| David Gerard |
As I pack my bags for the American Economic Association meetings this weekend in San Francisco, I am reminded of a recent New Yorker article on the impacts of medical marijuana legalization. This is probably a rather mundane topic for you left-coasters, but here in Pennsylvania where we can’t even buy beer in grocery stores, it is a pretty exotic concept.
The article highlights a number of ways in which legalization foments organizational change, and also gives some anecdotal evidence on sharecropping terms, suggesting different terms for indoor and outdoor operations.
The easiest way to make this kind of small indoor scene work is to live in someone else’s house and nurture the plants in exchange for a third or half the profits, and that is how the Kid would be spending her time for the next two months.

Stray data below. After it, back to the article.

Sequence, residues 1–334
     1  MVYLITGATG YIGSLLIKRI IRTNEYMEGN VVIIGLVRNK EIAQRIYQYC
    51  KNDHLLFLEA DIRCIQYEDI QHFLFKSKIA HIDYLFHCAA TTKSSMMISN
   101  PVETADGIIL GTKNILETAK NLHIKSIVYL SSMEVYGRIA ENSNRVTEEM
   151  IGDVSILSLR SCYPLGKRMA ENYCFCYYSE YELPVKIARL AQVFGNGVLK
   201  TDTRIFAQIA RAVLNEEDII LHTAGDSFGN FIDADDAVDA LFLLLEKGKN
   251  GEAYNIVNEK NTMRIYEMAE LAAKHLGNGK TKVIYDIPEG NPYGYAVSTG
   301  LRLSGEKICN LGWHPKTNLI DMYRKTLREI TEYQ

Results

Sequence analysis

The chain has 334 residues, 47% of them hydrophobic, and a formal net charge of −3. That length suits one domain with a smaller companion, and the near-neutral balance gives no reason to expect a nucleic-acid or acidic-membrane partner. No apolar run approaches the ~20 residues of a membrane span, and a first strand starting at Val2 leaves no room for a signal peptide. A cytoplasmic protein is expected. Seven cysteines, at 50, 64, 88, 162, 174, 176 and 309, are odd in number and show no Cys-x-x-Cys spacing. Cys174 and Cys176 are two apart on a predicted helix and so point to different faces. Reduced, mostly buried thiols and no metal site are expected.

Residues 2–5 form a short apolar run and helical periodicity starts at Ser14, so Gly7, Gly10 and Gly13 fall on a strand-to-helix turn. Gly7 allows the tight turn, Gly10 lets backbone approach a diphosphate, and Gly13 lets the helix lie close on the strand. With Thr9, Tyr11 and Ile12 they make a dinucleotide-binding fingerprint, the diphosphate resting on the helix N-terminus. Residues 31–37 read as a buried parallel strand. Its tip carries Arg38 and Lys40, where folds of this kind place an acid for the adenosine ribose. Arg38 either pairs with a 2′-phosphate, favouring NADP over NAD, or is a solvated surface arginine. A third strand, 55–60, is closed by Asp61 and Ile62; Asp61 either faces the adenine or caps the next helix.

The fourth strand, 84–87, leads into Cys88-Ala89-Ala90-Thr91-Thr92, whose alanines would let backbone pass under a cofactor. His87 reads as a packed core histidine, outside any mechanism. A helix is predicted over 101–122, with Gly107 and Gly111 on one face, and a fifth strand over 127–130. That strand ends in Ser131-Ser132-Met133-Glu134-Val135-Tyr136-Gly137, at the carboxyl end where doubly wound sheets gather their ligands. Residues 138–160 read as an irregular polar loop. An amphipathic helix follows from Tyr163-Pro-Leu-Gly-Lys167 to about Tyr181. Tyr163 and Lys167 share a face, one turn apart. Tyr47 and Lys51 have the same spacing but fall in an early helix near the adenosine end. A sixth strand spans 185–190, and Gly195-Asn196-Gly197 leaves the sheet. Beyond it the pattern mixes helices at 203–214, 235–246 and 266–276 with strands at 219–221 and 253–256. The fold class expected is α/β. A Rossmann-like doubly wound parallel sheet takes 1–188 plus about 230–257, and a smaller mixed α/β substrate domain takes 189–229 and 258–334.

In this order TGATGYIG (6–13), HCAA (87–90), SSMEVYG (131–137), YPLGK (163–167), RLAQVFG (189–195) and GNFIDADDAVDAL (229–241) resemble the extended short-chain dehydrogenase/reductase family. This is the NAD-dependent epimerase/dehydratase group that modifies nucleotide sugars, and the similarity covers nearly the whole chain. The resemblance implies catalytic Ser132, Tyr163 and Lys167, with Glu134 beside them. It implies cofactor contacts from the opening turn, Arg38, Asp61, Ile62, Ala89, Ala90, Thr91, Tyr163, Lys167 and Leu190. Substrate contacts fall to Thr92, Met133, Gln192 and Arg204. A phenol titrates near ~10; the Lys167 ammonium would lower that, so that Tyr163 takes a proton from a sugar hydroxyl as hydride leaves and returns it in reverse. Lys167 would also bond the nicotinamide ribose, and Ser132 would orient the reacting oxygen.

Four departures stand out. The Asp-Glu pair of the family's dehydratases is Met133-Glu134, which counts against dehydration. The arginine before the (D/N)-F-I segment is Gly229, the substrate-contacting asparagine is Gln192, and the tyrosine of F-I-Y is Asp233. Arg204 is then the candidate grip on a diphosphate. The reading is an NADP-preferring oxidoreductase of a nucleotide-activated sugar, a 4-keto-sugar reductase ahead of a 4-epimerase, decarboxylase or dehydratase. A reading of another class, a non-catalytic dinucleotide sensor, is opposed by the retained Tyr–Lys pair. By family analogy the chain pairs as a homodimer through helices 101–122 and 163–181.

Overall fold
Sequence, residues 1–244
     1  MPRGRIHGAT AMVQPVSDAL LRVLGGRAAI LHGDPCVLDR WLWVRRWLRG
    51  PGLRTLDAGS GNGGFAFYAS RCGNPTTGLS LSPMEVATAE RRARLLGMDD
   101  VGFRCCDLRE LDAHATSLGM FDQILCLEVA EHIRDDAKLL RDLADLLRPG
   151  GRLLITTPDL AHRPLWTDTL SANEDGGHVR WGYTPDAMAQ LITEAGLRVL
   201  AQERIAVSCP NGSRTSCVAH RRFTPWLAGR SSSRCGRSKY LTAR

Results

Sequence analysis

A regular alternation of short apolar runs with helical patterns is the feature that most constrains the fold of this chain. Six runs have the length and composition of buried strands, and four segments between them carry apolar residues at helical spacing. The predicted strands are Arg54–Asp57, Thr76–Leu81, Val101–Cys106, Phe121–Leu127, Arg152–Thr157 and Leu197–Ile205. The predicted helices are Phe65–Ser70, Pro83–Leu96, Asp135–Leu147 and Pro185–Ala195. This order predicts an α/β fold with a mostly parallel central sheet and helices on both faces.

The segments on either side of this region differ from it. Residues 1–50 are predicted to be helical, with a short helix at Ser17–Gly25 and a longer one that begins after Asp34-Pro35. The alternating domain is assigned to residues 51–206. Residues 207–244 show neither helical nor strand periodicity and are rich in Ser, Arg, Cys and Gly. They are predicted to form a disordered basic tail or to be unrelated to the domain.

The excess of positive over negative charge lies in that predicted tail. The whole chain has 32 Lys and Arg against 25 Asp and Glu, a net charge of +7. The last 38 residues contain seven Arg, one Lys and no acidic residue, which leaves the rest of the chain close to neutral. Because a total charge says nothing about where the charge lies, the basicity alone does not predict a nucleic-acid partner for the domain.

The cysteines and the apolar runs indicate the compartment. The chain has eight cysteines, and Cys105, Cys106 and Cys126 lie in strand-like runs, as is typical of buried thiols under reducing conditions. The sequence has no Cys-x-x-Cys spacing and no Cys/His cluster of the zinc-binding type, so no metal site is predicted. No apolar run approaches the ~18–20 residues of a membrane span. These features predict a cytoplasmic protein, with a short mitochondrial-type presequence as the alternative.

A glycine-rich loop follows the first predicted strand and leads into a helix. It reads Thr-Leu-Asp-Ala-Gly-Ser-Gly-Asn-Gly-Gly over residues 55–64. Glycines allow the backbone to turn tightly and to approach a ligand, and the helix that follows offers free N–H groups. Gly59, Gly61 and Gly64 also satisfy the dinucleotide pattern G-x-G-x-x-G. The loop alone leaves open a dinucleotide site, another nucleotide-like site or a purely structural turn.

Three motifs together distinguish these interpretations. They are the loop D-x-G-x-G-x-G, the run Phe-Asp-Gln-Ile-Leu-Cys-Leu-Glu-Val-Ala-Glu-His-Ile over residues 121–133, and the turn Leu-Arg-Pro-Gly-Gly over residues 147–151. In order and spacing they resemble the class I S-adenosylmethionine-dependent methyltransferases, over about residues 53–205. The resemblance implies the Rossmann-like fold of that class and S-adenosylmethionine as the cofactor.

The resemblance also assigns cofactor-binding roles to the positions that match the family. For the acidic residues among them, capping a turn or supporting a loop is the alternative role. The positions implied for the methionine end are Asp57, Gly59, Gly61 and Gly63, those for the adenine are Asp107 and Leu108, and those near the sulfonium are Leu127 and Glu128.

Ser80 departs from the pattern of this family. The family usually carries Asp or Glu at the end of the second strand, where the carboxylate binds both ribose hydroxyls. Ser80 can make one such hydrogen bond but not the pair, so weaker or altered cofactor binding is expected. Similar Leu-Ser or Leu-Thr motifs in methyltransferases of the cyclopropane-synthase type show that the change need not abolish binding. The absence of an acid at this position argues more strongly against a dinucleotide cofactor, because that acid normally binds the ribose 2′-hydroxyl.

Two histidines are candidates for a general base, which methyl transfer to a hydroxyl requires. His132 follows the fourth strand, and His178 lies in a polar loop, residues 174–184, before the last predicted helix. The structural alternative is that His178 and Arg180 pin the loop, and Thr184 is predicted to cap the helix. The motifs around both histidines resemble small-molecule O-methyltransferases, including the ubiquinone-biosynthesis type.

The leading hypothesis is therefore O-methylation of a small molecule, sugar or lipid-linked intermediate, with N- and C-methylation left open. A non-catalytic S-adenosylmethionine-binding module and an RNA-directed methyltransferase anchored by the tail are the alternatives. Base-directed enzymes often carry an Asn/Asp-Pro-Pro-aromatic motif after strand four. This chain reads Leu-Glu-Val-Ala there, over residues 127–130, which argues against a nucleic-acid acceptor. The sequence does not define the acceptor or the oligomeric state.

On the outdoor side, however, this description of the “Humboldt Slide” suggests that landlords appear more willing to change the contracting terms:
“You start at this really great percentage, and you’re buddy-buddy and everything’s great,” Emily said. As the harvest approaches, growers inevitably begin to run out of money and get greedy, and the sharecroppers lose whatever leverage they had earlier in the growing cycle, when their daily attention was necessary for the young plants to survive. Emily’s wage the previous year was initially set at a third of the value of the plants that she harvested. Later, her boss “slid” her percentage to a sixth, meaning that she owned only a dozen of the eighty plants that she grew that season.
The explanation is that the laborers have no legal recourse, so the landlord is free to rewrite contracts as he pleases, but then wouldn’t we expect a slide in the case of the indoor operations as well?
I welcome suggestions for more systematic treatments for effects of the California legalization. One effect that I don’t expect is for it to have much of an impact on the average sobriety level at this weekend’s conference.